In his → Colon Classification (CC), Ranganathan first allocated concepts and terms to one of five fundamental categories or facets (Personality, Material, Energy, Space and Time) on the basis of the nature of the entity represented; he then proposed indexing formulas for each discipline, de facto assigning to each facet a specific role in the sentence thus created. It appears that Ranganathan was not able to, or more likely chose not to, dissociate the semantic (nature) and syntactic (function) dimensions of facets as they are exploited in knowledge organization (KO) and information representation (Maniez 1999). This original ambiguity was maintained by the Classification Research Group (CRG) (1957) and in the many subsequent sets of facets inspired by its proposals. The fusion/confusion of semantic and syntax may have led to the diversity of definitions and applications of facets observed in contemporary information systems.

The following is an overview of formal and informal definitions of the concept of facet found in → knowledge organization (KO) and in → library and information science (LIS) literature more generally, without determination of which one(s) should be considered most complete, relevant and/or useful. Although numerous references will necessarily be made to → facet analysis, this article does not discuss specific applications of facets or extend to descriptions of existing faceted → classifications, → thesauri or search interfaces, nor does it pretend to exhaustivity in referencing appropriate literature.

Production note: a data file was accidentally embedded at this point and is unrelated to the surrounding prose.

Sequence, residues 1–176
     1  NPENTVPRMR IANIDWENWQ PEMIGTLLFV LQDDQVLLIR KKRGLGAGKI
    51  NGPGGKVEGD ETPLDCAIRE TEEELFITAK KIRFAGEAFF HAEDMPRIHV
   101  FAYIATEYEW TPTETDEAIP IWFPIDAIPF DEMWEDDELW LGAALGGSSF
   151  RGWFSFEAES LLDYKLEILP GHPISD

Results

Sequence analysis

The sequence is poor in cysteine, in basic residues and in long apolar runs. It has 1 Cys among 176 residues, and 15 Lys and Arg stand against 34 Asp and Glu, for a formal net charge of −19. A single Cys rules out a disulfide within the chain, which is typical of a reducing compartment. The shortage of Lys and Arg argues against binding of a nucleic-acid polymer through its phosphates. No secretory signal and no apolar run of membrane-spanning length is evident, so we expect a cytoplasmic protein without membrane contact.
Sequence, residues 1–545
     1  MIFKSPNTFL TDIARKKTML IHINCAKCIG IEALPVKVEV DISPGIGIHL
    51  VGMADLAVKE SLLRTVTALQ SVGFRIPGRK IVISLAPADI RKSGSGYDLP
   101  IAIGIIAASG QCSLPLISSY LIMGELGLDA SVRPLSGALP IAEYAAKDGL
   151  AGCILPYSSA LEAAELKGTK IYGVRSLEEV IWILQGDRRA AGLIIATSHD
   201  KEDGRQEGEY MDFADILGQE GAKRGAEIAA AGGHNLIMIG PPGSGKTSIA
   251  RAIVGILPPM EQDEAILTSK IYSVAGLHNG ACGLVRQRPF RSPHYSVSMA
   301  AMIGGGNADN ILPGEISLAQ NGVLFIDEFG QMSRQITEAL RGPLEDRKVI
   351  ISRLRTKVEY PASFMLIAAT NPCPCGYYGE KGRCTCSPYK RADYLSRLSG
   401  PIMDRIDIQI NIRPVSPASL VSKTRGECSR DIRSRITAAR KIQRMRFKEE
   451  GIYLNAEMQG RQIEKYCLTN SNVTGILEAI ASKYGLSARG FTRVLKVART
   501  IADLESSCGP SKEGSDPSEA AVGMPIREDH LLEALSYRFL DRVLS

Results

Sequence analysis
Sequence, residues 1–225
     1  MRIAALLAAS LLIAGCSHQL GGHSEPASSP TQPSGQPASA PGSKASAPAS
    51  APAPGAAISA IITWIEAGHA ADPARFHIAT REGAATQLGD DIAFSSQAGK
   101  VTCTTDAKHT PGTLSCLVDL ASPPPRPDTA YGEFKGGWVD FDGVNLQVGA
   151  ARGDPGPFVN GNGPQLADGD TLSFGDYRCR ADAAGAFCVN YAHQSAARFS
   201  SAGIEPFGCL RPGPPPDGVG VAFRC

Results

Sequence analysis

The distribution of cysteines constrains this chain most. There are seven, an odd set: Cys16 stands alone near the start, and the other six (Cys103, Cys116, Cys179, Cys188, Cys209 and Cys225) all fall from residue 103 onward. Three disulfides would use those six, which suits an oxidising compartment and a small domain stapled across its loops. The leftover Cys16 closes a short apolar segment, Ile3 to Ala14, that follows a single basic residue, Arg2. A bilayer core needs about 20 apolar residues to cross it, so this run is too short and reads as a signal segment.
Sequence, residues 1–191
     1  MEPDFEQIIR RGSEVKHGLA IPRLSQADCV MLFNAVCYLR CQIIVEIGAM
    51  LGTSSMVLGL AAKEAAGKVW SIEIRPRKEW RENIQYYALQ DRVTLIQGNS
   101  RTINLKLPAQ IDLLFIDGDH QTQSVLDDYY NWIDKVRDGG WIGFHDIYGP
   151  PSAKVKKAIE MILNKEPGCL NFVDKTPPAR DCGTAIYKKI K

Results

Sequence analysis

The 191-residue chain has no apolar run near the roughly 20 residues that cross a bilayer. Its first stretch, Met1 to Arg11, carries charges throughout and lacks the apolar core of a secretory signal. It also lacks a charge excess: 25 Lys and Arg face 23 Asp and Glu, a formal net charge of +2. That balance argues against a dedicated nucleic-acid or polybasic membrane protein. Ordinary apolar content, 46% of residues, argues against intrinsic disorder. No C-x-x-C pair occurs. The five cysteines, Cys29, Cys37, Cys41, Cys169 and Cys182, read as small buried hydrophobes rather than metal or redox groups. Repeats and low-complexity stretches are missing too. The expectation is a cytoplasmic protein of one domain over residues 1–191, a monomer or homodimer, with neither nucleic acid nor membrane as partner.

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2. Historical notes

In KO, S.R. Ranganathan is credited with the introduction of the term facet, towards the middle of the Twentieth century. First trained as a mathematician, the Indian master has influenced all areas of librarianship in the course of his long career. Lancaster and colleagues argue that “one cannot fail to be impressed by the very wide range of topics with which [Ranganathan’s] name has been connected”, thinking it “unlikely that anyone in the field of LIS has been cited in more diverse contexts” (Lancaster et al. 1992, 276). Ranganathan’s interests ranged from library administration to library history, LIS education to LIS terminology, quantitative methods to users behaviour and expectations. But it is in cataloging and → classification that he was most influential and “there seems little doubt that the majority of people in [our] field associate [him] most closely with classification theory” (Lancaster et al. 1992, 272), a fact demonstrated by a bibliometric study reported by Finks and Haug (1992). Svenonius considers that “he, more than any other scholar of our discipline, has striven to establish classification upon a scientific foundation” (1992, 176). De Grolier (1973) recognizes in Ranganathan a talent for theory construction, as well as a pragmatism put to the test by his daily activities in the library. A prolific writer, Ranganathan had published his Five laws of library science as early as 1931. Textbooks on library administration, reference services, and school and college libraries followed in 1935, 1941 and 1942 respectively.